This Wednesday Epic Debate: Crimethinc. and Chris Hedges‏‏

Hello friends,

We’re excited to announce that on Wednesday, September 12th in NYC, immediately before the one-year anniversary of Occupy Wall Street, B. Traven of Crimethinc will meet Chris Hedges in New York City for a public debate about diversity of tactics.

We will be livestreaming the event at 7pm (sharp!) at Internationalist Books, in Chapel Hill at 405 W. Franklin St. The event starts early, at 6:30, to leave time for seating and introductions. Get there early to get seats!

For more information, go to See y’all there!

More details pasted below

Occupy Tactics

Violence and Legitimacy in the Occupy Movement and Beyond:
A Debate between Chris Hedges and the CrimethInc. Ex-Workers Collective on Tactics & Strategy, Reform & Revolution

Wednesday, September 12, 2012, 7:00 pm
Free admission

Proshansky Auditorium
Lower level, CUNY Graduate Center
365 Fifth Avenue (@ 34th street)
New York City, NY 10016

Not in NYC? A free livestream of the event will be available online. Link TBA.

Why a debate?

Since Occupy Wall Street took Zuccotti Park in September 2011, there has been a resurgence of social movement activity in the United States. As momentum has increased, age-old questions over tactics, strategy, and goals have returned to the fore.

What is violence? Who gets to define it? Do illegal actions have a place in our movements? This discussion never takes place in a vacuum or on a level playing field; rather, it occurs within the context of a struggle that is already in progress, where every statement has immediate ramifications for the participants. Differing tactical approaches often reflect fundamental differences in strategy and goals.

At the core of these issues is the question:
What are we fighting for and how do we get there?

This moderated debate will feature:

Chris Hedges, Journalist
Chris Hedges is an American journalist, author, and war correspondent, specializing in American and Middle Eastern politics and societies. He will speak to the perspectives behind his controversial article “The Cancer in Occupy” regarding black bloc tactics and anarchist participation in the Occupy movement.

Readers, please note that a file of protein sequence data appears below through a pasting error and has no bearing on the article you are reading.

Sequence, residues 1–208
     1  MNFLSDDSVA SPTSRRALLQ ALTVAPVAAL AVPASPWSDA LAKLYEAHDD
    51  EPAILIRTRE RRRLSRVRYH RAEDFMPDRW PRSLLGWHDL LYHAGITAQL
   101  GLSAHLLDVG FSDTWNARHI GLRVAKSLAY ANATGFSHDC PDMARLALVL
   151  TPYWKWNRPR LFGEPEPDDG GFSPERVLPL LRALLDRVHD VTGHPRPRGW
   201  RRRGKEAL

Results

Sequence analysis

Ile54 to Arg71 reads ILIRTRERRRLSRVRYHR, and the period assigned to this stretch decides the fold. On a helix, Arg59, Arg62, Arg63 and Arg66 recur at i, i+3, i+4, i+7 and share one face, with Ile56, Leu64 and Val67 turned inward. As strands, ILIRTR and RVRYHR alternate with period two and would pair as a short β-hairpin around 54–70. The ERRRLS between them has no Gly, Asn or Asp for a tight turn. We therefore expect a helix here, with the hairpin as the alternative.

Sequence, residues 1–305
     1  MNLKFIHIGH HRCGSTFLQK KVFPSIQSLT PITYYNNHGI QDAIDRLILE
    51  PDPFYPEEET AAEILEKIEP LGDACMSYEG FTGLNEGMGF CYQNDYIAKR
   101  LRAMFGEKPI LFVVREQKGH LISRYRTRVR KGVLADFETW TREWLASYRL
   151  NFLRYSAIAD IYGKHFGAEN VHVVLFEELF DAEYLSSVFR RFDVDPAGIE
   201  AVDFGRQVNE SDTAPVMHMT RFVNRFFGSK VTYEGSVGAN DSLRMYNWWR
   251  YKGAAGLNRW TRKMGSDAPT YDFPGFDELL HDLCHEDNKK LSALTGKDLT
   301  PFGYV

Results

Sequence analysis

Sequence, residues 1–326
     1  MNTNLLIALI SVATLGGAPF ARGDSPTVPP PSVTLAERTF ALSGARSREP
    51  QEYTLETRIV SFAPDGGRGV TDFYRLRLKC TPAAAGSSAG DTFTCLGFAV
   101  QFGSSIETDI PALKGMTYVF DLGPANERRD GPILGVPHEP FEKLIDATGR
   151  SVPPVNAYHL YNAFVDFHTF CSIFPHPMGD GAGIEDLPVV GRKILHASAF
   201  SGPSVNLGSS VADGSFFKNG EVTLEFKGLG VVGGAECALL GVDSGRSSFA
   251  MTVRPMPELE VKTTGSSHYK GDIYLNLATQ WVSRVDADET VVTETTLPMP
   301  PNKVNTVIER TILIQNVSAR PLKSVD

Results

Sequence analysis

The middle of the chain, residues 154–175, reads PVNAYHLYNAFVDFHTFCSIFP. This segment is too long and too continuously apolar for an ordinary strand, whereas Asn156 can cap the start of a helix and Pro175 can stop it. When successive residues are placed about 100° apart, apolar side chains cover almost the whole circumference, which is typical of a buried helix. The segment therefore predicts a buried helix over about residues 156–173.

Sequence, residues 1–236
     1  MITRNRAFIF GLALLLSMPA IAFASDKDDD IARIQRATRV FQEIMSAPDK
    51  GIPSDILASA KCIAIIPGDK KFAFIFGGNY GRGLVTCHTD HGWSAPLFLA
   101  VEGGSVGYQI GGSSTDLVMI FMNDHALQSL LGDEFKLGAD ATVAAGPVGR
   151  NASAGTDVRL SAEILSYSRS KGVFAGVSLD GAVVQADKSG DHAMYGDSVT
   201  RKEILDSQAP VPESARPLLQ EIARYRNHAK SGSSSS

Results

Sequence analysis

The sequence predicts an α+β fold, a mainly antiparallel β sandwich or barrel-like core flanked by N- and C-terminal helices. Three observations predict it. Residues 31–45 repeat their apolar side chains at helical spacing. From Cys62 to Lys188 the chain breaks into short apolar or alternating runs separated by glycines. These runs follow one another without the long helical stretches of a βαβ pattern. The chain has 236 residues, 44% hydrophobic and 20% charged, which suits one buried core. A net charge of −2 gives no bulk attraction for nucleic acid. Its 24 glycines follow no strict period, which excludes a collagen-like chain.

B. Traven, CrimethInc. Ex-Workers Collective
B. Traven will support the case for a diversity of tactics in the Occupy movement and in broader anti-capitalist struggles worldwide, illustrating an anarchist critique of the status quo and a vision of social transformation. CrimethInc. has produced many books and articles, including “The Illegitimacy of Violence, the Violence of Legitimacy,” composed in part as a response to Hedges’ “The Cancer in Occupy.”

Moderated by Sujatha Fernandes, CUNY Graduate Center
Sujatha Fernandes is an Associate Professor of Sociology at Queens College and the Graduate Center, City University of New York. She is the author of several books on urban politics and culture; the latest is “Close to the Edge: In Search of the Global Hip Hop Generation” (Verso). She has written about the Occupy movement and recent global uprisings for The New York Times and The Huffington Post.

Opening remarks by Sarah Leonard, Dissent Magazine
Sarah Leonard is an editor and writer living in Brooklyn, with particular interest in Left politics and the cultural effects of technology. She is an editor of The New Inquiry and N+1, Associate Editor at Dissent magazine, and a co-editor of Occupied!: Scenes from Occupied America.

1 Comment

  1. prisonbookscollective

    From Libcom

    posted by acephale00
    Perhaps I will make a new post on the subject, but for now, since I watched the whole thing at one of the six livestream events at various infoshops, I will offer a little light recap.